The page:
Friday, January 22, 2010

Guest Review by Jack Labusch: Jinhao Evening Stripes Fountain Pen

PB Note: Jack emailed me regarding the Jinhao fountain pen he was thinking of purchasing, and I asked if he would review the pen. It's a great piece, for several reasons: it's well written, the photos (by Tom Darland) are crisp and clear, and it's about a fountain pen that is easily available to anyone with a laptop and a credit/debit card. Guest submissions are welcomed on this site, if you're interested. In the meantime, enjoy Jack's review.

In Search of Jinhao: Review of Jinhao’s Evening Stripes Fountain Pen

A few low-end A. T. Cross pens at Staples, and a handful of Pilot Varsity pens at the local university bookstore, the latter sold mostly to foreign students.

That’s what I found after scouring gift shops, office supply stores, jewelers, bookstores, and Mom ‘n’ Pop specialty retailers in the Youngstown-Warren, Ohio area. You mean an area of about 600,000 people can’t support a better-quality pen and stationery store? How about a mall kiosk or display space piggybacked onto an existing retailer?

Some months earlier my Parker 75 had developed a quarter-inch wiggle between the cap and barrel. I’ve described the 75’s line on Pocket Blonde as “opulent”. “Buttery smooth” is another description. I thought of getting a 75-replacement, while I fiddled with a ginned-up home pen repair. That’s how I crisscrossed our metro area looking for an FP retail display that doesn't exist.

You probably know the down side of some FPs: skipping, blotching, persnickety filling gizmos, scratchiness, etc. Workaday FPs run from 4-200 times the price of a ballpoint or gel pen. Their up side is a diversity of inks, a more expressive writing line, an assortment of nib dimensions and materials, barrel diameters to suit the individual penman, and much more. Are they worth it?

Enter Mr. Norman Haase of A well-regarded e-tailer with more than ten years experience, Mr. Haase makes a market in medium- and high-end Chinese pens. Think Chinese goods are junk? Think again. Chinese products are moving quickly to the high quality/low price quadrant of the price-quality matrix. That’s the box Japanese and German manufacturers once occupied. With a Parker 75-equivalent weighing in at $200 or more, I wanted something more moderately priced. Could deliver?

My close-to-medium nib Jinhao Evening Stripes arrived six days after I’d mailed my order. Packed in a beautiful, lined presentation box, Evening Stripes looks to this frosh penman’s eye like a generous gift one would give to a recent Shanghai university graduate. I’ll defer to Mr. Haase’s detailed description at

I inked up with Private Reserve’s Velvet Black, also sold by Mr. Haase. Decorated with scrollwork and the Jinhao name, the large steel nib is firmish. This torpedo lays down an extraordinarily smooth line on Staples bagasse paper, Rhodia and Alvin notepads, legal pads, and even, with trivial initial skipping, no-name inkjet paper I’d cannibalized for scratch pads. Fit and finish appear excellent. Pocketability is fair. No blotching. Prestige factor unknown. This lacquer-over-brass pen is nicely balanced, and has a heft that many will enjoy.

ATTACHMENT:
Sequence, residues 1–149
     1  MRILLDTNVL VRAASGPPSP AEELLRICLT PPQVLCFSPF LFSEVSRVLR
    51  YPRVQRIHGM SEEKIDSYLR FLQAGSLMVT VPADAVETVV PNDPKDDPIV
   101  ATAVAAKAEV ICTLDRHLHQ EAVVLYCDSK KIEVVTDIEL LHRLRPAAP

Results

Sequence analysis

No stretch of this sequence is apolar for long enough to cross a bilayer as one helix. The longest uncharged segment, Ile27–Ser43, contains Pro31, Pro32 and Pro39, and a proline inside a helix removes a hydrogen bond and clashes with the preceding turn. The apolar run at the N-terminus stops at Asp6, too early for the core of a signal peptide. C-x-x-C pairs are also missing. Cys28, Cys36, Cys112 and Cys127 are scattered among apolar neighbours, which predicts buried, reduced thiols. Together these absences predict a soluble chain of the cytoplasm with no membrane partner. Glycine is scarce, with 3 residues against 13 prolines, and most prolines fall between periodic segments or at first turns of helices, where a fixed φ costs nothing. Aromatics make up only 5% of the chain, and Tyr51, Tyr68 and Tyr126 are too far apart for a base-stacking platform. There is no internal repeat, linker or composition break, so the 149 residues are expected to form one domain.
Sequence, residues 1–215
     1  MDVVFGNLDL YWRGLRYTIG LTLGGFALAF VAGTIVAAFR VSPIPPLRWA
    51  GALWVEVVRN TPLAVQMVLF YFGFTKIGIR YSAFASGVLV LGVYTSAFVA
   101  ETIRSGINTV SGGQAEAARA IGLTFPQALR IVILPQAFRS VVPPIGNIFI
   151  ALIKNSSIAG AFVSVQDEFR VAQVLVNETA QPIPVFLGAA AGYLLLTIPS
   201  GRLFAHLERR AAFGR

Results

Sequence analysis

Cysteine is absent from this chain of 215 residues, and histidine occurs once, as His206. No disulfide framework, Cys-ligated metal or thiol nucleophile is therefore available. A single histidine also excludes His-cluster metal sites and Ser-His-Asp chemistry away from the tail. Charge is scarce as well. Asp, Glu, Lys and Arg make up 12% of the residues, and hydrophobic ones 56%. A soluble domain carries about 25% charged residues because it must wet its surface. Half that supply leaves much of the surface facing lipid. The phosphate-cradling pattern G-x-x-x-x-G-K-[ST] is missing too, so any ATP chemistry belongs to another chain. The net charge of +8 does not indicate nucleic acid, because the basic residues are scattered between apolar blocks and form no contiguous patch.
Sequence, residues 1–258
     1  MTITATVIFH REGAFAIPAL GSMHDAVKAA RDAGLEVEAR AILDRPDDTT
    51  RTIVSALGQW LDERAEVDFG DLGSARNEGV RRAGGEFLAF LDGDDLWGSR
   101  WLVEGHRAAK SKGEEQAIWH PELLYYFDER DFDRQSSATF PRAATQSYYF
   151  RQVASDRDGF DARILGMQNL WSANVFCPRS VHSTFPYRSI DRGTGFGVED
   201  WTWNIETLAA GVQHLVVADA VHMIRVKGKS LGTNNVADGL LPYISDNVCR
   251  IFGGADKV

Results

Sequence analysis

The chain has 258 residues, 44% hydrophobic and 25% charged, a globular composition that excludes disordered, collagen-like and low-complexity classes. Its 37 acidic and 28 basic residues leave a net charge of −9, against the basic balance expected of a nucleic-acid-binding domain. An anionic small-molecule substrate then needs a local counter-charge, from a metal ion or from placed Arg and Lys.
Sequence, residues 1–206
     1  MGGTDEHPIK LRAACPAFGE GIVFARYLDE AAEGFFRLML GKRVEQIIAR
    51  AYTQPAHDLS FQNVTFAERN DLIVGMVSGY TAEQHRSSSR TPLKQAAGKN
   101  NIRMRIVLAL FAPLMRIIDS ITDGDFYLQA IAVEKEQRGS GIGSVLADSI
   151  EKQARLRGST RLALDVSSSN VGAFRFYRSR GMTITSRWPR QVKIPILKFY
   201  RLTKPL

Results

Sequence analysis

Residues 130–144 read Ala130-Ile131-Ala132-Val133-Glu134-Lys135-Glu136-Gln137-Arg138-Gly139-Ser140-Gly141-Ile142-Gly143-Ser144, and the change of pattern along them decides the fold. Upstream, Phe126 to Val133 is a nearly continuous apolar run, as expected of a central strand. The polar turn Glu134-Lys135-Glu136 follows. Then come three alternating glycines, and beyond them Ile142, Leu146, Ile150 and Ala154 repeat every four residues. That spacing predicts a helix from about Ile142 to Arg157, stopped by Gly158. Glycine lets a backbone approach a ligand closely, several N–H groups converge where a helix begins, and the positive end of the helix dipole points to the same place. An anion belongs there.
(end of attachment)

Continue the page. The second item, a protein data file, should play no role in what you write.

Am I happy with my purchase? Yes. Would I buy from again? Yes. And, Norman’s handwritten letter folded into an origami envelope is a gem.

You can buy Jinhao less expensively from other well-regarded e-tailers. What Norman promises is an examination and tweaking of the nib if it needs it before the sale. That’s the kind of extra effort that builds confidence and repeat sales.

Back in the 16th century, Europeans had finally thrown back the Caliphate. Mongol invaders had been repelled for good. Bristling with energy and fresh ideas, Europeans built themselves into an economic powerhouse. China, which until then had been among the wealthiest of nations, was eclipsed. Until recently, that is.

Welcome back, China.

Jack Labusch


  1. Are FPs worth it, I’d asked? The photographer Tom Darland posed that question, too. That’s a question, I think, that’s being answered in bits and pieces on many excellent blogs such as Pocket Blonde.

    What I told Tom was that I do a lot of small-time writing. My battery of writing tools helps me break out of a bad groove the same way an amateur drummer, which I once was, will swap his sticks for wire brushes or tympani mallets. There's more going on, too, such as the pleasure of entry-level (for me) connoisseurship.

    Many thanks to Pocket Blonde for inviting other folks to review their rig. I’d like to see their thoughts, too.


  2. The great thing about fountain pens is the connection to craftsmanship. And that has nothing to do with price. As a matter of fact, my mission is to dicover pens of high VALUE. As in, great instrument to write with at a price that pleases me. Value. I am also a customer of Norman's. And will be. For a very, very long time.

    Tad / Richmond, VA

  3. Tad, will you ask PB to post something on one of your own pieces? As I'd mentioned, I'm a newbie penman, so I learn a little from other folks.


  4. Tad, if you'd care to write something definitely email me.